Course Outline Part XVII (Partnerships and Private Placements)
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Course Outline Part XVII (Partnerships and Private Placements)

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Course Outline Part XVII (Partnerships and Private Placements) Course Outline Part XVII (Partnerships and Private Placements) Presentation Transcript

  • XV. Partnerships, Private Placements, & Venture Capital
  • A. PARTNERSHIPS
    • Types of Partnerships
      • General Partnership an agreement between individuals to share in running a business, sharing gains and losses
        • Personal Liability – each partner has unlimited liability for partnership debts, could lose more than his or her investment
        • Unless specified otherwise, all gains and losses are shared equally among the partners
        • The partnership agreement provides the legal framework for operations, including division of profits and losses
        • Investment Club – a partnership formed to invest pooled funds – generally divides profit and loss by initial investment
  • A. PARTNERSHIPS
      • Limited Partnerships – a form of ownership in which investment control is assumed by a general partner, while the other partners have limited control
        • General Partner – organizes the partnership, writes the partnership agreement, assumes any partnership liabilities in excess of the limited partners’ investment, and obtains a majority of partnership profits in return
        • Limited Partner – passive investors, provide money only, can lose no more than the money invested, receive a share of the partnership’s profits
  • A. PARTNERSHIPS
    • Partnership Agreement – the legal document specifying partners’ rights and division of gains and losses
    • Prospectus – for limited partnership investments, includes the partnership agreement and details fees and the division of profits between limited and general partners
    • Limitations on Partnership Investment – for a general partnership, there are no restrictions, however, limited partnerships generally require limited partners to be accredited investor
  • B. PRIVATE PLACEMENTS
    • Can be used for either private (not publicly traded) stock offerings or other ownership shares of a business
    • For a formal private placement, the investor must be an accredited investor
    • Private placement memorandum – similar to a prospectus, details the risks of an offering, business officers, actual and pro forma financial standards, and related material
    • Subscription agreement – a contract between the business and the investors requiring the investor to provide the agreed upon capital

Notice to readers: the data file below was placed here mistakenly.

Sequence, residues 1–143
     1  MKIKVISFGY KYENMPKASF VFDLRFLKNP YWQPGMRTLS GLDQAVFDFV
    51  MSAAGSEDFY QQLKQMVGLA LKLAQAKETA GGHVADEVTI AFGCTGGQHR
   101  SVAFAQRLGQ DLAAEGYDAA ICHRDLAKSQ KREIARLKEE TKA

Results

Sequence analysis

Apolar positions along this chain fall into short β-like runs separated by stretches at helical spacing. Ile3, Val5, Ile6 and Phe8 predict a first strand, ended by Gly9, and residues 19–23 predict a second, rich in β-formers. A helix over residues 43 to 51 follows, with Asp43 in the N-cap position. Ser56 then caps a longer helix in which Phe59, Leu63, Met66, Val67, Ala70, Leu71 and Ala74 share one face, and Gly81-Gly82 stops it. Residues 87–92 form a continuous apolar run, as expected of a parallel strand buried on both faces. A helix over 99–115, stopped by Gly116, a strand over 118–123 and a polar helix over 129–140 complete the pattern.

• B. PRIVATE PLACEMENTS
    • Private Placement Defined
      • A private placement is an agreement for equity investment in a business made directly between the business and the investor
      • Offered to a limited number of investors
      • Illiquid – ownership interests can not be publicly sold or purchased – generally, the private placement agreement specifies who the investor will be, and the ownership interest is not transferable
      • No regulation – because private placements are a direct contract between a business and an investor, they are not regulated
  • C. VENTURE CAPITAL
    • Generally regarded as “seed money,” used to help start or expand a new business
    • A business can receive venture capital as a start up, when expanding before profitability, or after the business becomes profitable (but before a buy-out or an initial public offering)
    • The required rate of return or portion of equity required to receive venture capital funding is relatively high, the venture capitalist often provides advice and may take control of a corporation to protect its investment
  • C. VENTURE CAPITAL
    • Forms of Venture Capital investments
      • Debt – loan contract between the business and the venture capital firm, generally with above market interest rates
      • Equity – where the venture capital firm purchases an ownership share of the business, generally in the form of private placement stock
      • Preferred Stock – the favored type of venture capital investment, provides interest yields and seniority to capital in the event that the firm fails, but with an equity interest if the firm succeeds
  • C. VENTURE CAPITAL
    • Sources of Venture Capital Funding
      • Partnerships – business owned by individuals specifically to provide venture capital for other businesses
      • Limited Liability Corporations – a cross between a partnership and a corporation, does not have the restrictions on making investments that publicly traded corporations must adhere to
      • Investment Management Firms – pools of money from accredited investors, with an investment manager making decisions concerning which venture capital projects to fund
  • C. VENTURE CAPITAL
    • Advantages and Disadvantages of Venture Capital
      • Advantages
        • Venture capitalists generally have expertise in guiding new firms, can help with management
        • Venture capitalists can provide substantial funds for business development
        • A venture capital firm’s investment in a business can give the business a “stamp of legitimacy”
      • Disadvantages
        • The venture capital firm often requires some control over the business’ operations
        • Venture capital money is expensive – the venture capitalists expect to obtain investment returns commensurate with their risk of loss of capital